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10-06-2012 | Psychology | Article

Familial predisposition ‘modestly’ affects alcoholic liver disease risk

Abstract

Free abstract

MedWire News: Environmental factors appear to be the main influence on the risk for alcoholic liver disease (ALD), say researchers who found little evidence for familial predisposition to the condition.

Among a group of heavy drinkers, patients with decompensated ALD were no more likely to have heavy-drinking relatives than those without signs of liver disease, report Dermot Gleeson (Sheffield Teaching Hospitals, UK) and co-authors.

"Our results are in contrast to similar case‑control studies on several other chronic diseases in which disease prevalence in relatives is several fold increased compared with that in the general population," they note.

The study included 291 patients with Child's grade B or C ALD, and 208 patients without biomarker or ultrasound signs of ALD. All of the participants consumed more than 60 U/week of alcohol for men or 40 U/week for women.

In all, 87% of ALD patients and 93% of controls returned a family history questionnaire detailing alcohol consumption and liver disease in 2103 parents and siblings. Follow-up investigation was then used to classify whether relatives had ALD, defined as heavy drinking with jaundice, ascites, gastrointestinal bleeding, or liver cirrhosis.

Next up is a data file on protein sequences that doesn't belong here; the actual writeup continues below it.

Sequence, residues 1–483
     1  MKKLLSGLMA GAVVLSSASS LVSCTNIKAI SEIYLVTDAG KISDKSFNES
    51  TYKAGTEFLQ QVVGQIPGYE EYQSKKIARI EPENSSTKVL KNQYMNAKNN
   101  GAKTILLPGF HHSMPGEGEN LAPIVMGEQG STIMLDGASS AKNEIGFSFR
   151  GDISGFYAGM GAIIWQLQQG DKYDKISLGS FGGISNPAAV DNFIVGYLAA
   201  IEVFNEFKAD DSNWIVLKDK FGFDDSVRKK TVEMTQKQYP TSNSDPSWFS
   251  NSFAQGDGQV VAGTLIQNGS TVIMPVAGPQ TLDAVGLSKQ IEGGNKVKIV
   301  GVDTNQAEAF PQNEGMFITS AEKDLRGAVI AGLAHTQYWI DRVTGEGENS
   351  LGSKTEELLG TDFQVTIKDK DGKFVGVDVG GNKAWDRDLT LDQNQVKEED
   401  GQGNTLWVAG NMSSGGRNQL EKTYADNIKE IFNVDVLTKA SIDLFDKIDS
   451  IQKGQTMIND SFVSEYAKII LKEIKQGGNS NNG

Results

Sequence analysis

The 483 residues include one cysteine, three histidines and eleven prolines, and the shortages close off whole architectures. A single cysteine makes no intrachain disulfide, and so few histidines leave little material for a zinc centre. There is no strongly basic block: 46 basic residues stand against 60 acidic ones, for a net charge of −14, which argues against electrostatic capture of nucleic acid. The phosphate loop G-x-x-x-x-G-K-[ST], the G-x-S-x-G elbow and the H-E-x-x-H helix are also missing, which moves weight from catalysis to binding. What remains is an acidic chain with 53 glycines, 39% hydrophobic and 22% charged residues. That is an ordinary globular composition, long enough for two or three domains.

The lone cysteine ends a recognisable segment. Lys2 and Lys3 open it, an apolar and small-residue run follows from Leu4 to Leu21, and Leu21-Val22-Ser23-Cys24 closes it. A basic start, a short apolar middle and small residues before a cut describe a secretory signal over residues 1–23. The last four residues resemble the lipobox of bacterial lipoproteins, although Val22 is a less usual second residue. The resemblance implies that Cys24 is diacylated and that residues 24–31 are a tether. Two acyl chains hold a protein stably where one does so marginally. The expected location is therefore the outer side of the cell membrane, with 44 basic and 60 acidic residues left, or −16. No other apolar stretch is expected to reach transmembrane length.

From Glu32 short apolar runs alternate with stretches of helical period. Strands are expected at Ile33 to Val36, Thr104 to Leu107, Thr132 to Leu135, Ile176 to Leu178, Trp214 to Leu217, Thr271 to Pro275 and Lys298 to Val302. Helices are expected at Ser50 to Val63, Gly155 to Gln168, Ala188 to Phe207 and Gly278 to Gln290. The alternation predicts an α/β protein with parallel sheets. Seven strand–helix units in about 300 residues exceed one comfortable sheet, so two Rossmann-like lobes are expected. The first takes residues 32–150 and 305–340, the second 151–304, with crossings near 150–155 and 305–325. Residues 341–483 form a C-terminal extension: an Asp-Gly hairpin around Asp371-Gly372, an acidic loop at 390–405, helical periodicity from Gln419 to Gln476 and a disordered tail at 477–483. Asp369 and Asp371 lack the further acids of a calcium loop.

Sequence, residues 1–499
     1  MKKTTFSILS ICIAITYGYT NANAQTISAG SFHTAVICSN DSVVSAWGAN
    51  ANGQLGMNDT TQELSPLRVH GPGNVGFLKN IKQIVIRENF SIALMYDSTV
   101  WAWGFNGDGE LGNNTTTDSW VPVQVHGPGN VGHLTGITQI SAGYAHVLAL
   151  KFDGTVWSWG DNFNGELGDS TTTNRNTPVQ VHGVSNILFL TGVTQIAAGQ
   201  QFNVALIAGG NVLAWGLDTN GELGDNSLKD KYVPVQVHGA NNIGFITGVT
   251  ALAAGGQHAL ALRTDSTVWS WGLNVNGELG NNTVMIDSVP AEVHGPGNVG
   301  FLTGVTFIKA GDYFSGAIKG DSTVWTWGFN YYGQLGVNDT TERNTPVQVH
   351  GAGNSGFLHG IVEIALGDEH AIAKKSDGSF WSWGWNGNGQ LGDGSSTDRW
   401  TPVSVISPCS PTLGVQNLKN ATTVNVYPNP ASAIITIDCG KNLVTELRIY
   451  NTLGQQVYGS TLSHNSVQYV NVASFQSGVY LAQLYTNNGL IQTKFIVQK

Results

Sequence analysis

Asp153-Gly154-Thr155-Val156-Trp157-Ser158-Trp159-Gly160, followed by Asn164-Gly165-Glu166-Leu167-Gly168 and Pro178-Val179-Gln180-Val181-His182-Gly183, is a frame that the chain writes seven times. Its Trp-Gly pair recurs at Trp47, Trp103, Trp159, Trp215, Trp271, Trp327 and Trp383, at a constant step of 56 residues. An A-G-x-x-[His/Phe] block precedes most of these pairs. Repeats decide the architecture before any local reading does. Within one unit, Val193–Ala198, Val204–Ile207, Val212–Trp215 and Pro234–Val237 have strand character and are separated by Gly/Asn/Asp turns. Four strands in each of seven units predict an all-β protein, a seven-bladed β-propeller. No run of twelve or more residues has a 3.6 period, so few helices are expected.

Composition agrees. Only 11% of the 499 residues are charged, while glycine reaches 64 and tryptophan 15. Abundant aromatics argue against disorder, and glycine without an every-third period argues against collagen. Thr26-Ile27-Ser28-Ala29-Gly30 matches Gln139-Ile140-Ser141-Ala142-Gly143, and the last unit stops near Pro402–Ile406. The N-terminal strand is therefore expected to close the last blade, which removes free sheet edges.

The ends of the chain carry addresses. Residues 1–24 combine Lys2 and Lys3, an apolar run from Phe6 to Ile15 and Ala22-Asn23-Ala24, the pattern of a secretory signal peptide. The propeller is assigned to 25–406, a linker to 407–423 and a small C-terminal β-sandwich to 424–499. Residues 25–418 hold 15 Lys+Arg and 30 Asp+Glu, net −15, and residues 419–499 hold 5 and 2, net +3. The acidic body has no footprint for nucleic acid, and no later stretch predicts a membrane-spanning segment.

Relatives of patients and controls had similar drinking habits, with similar proportions of each recorded as being abstinent (15.8 vs 16.1%), light/social (35.4 vs 37.4%), moderate (30.4 vs 27.4%), and heavy (18.3 vs 19.7%) drinkers.

The rate of any liver disease in the relatives of patients and controls was similar, at 3.3% and 3.1%.

Although the prevalence of ALD was slightly higher in the relatives of patients than controls (12.0 vs 9.7%; odds ratio [OR]=1.27), this difference was not statistically significant. A similar pattern for definite ALD was found when excluding information on relatives with unknown cause of death (8.1 vs 7.5%; OR=1.09).

Recognizing the study's relatively small number of heavy-drinking relatives may have weakened its statistical power, the team admits that there could be "some genetic component" in the predisposition to ALD in heavy drinkers.

"However, it can be surmised from our results that this genetic predisposition is likely to be modest," emphasize Gleeson et al.

MedWire (www.medwire-news.md) is an independent clinical news service provided by Springer Healthcare Limited. © Springer Healthcare Ltd; 2012

By Lynda Williams

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